ZEN STORIES TO PONDER ON
1Just Two Words
There once was a monastery that was very strict. Following a vow of silence, noone was allowed to speak at all. But there was one exception to this rule. Everyten years, the monks were permitted to speak just two words. After spendinghis first ten years at the monastery, one monk went to the head monk. "It hasbeen ten years," said the head monk. "What are the two words you would liketo speak?""Bed... hard..." said the monk."I see," replied the head monk.Ten years later, the monk returned to the head monk's office. "It has been tenmore years," said the head monk. "What are the two words you would like tospeak?""Food... stinks..." said the monk."I see," replied the head monk.Yet another ten years passed and the monk once again met with the head monk who asked, "What are your two words now, after these ten years?""I... quit!" said the monk."Well, I can see why," replied the head monk. "All you ever do is complain."
Points For Reflection
Is it our habit to complain, complain and complain ? There are times when wehave to make the best of the circumstances or situation we are in . Learn tocount our blessings and the good things that we have. Remember that inSamsara, nothing is perfect.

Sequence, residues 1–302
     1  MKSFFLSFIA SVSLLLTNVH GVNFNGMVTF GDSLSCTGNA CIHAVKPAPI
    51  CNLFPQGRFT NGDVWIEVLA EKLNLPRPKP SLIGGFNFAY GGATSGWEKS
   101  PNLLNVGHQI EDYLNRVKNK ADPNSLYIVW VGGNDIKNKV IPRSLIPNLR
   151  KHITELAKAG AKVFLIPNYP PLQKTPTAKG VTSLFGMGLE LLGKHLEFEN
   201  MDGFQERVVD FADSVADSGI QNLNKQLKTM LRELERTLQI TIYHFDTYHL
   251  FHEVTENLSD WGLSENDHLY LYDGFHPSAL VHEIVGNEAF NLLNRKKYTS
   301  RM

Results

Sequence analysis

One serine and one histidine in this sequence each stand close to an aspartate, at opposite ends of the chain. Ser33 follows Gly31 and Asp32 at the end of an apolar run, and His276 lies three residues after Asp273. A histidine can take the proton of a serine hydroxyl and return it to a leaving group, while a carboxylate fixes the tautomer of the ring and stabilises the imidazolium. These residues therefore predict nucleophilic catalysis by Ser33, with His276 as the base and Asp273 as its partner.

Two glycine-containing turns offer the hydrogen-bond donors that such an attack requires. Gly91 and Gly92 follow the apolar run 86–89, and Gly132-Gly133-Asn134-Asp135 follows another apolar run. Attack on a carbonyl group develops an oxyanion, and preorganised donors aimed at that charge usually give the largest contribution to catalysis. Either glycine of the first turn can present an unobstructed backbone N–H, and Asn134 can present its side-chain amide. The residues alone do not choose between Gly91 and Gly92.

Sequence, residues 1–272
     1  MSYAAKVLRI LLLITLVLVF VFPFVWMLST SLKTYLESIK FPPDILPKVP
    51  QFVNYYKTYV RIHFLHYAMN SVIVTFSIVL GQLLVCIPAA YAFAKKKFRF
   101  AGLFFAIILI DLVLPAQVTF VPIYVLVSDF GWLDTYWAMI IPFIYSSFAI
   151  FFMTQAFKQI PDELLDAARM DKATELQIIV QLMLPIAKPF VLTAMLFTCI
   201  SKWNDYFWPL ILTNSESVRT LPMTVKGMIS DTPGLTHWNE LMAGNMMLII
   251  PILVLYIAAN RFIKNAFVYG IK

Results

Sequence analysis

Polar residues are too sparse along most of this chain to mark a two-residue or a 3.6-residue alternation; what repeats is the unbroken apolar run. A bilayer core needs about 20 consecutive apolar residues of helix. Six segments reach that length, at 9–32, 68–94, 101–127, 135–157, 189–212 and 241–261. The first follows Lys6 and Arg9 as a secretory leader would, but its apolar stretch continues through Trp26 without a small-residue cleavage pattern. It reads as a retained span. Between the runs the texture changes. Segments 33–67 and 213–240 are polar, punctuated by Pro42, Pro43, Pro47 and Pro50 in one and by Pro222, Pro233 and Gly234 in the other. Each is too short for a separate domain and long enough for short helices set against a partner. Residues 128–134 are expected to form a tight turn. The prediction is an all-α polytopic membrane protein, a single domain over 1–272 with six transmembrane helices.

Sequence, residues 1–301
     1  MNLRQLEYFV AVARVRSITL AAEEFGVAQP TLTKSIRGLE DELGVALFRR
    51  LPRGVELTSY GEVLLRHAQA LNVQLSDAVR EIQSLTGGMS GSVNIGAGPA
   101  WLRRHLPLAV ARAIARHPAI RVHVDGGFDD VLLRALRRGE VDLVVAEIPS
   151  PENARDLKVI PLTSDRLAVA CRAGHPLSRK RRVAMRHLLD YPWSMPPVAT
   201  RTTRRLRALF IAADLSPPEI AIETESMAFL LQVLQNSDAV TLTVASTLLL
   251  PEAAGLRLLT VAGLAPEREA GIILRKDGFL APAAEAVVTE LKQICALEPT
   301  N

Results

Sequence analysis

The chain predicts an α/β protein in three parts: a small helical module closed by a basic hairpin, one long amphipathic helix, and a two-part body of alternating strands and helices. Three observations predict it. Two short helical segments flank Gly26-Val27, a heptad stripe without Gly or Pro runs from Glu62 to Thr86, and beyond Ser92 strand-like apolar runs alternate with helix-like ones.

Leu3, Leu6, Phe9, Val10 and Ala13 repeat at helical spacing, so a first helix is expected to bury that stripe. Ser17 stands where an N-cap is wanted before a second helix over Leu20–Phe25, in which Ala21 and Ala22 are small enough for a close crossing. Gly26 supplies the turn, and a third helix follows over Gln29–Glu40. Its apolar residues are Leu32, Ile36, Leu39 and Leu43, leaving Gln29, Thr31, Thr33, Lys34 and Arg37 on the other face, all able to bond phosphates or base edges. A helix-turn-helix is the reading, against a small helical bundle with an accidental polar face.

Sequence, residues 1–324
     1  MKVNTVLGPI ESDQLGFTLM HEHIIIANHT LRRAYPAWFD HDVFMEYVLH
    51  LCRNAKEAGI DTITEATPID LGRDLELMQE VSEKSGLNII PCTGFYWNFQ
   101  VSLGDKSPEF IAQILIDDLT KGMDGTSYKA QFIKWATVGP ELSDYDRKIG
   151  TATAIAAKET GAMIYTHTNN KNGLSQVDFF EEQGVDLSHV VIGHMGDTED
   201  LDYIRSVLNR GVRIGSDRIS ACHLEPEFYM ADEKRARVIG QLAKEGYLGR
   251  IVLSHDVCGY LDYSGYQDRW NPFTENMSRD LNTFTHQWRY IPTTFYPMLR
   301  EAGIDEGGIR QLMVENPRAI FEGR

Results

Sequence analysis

Patience, tolerance and forbearance are great virtues to develop. Without these,we often give up on many things that we start upon to do … Dhamma study,outreach work (Dana), meditation and so on.
There is a saying : “There’s no gain without pain!” The Path of DhammaPractice and cultivation is a struggle …it entails much effort, discipline, sacrificeand commitment. Remember Siddharta Gautama struggled for 6 long yearsbefore Enlightenment ….and he was a Bodhisattva with good paramis !Reflecting on this, we know that we, defiled worldlings have even to strugglemore !
A famous spiritual teacher came to the front door of the King's palace. None of the guards tried to stop him as he entered and made his way to where the Kinghimself was sitting on his throne."What do you want?" asked the King, immediately recognizing the visitor.